There are a million things each day clamoring for your attention and it can feel like you’ve failed if you did not get to everything on the to-do list.

How do we balance being both efficient and effective?

Of course, efficiency means achieving maximum productivity with minimum wasted effort and/or expense. Effectiveness, on the other hand, is the degree to which something is successful in producing a desired result.

I would rather not waste my time and energy to become efficient at a task or process that is not the best use of my time. Yet, I also don’t want to focus all my time on a successful outcome without consideration of the resource cost. There are strategies that can help improve efficiency and effectiveness.        

The first step is to prioritize your most important tasks. Just having a to-do list is not enough. You could technically spend all day checking things off your list, which may feel very efficient but is not quite as effective if you are not hitting the items that are going the have the greatest impact. Consider the Eisenhower Matrix; you really want to focus your time on what is “urgent and important,” as well as “not urgent but also important.” Schedule time into your calendar for the known important projects according to urgency.  

Some projects are going to require significant time and mental effort. There is just no way around it. Make sure that you schedule this work at an optimal time slot when you have energy, this is typically in the morning for most.

Realistically, these projects may need to be broken into smaller, more manageable goals, so spend some time in the planning phase rather than running out of time. Avoid all distractions during this time, including email. At work, let your team know you will be unavailable for that time period, so they know to keep matters until after. You may also want to designate who will be responsible for what while you are unavailable. Of course, you will have to follow that with a block of time when you can be available to your team.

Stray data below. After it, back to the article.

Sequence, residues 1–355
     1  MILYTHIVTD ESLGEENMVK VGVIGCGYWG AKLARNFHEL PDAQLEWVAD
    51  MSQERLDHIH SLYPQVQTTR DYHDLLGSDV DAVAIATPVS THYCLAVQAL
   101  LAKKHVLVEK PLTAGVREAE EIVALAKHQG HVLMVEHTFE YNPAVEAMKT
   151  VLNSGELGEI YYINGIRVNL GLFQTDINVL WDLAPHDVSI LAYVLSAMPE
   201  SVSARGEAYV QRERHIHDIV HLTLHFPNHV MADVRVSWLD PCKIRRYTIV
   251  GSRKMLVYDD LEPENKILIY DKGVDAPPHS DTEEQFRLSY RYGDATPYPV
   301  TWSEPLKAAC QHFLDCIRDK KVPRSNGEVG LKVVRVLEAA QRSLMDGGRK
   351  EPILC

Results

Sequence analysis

Also realize there will be the unexpected and urgent matters that pop up, so build in enough of a buffer in your schedule that you can address those if needed.

During these scheduled work blocks you will invariably have thoughts pop up regarding other projects or things that need your attention. It might be tempting to try and multitask, but you have to resist the urge. Science is clear on this; you cannot use the same mental resource for two different tasks. When you switch between two tasks you lose valuable time trying to refocus. You will be much more efficient and effective leaving the second task until you are done with the first. If you are concerned that you may forget, get in the habit of keeping a follow-up list handy so you can simply write the idea down and come back to it later.  

Another key to managing efficiency and effectiveness is to take breaks. This may sound counterintuitive, but breaks are necessary to manage energy, which ultimately allow you to be more productive. It can be as small as standing up every 30 minutes and taking a brisk walk for 10 minutes every two hours. You also have to recharge from time to time. Make sure you get enough exercise, nutrition, water and social connection.  

Finally, reserve your energy and time for the big decisions. Resist the temptation to have your hands in every project. Instead, build a strong support system and delegate according to strengths. Think of delegation as an opportunity for you and them to grow and shine. Just make sure to schedule regular check-ins to get an update on how the projects are progressing, so you can keep your finger on the pulse.   

- Dr. Siquilla Liebetrau, clinical director, Bowen Center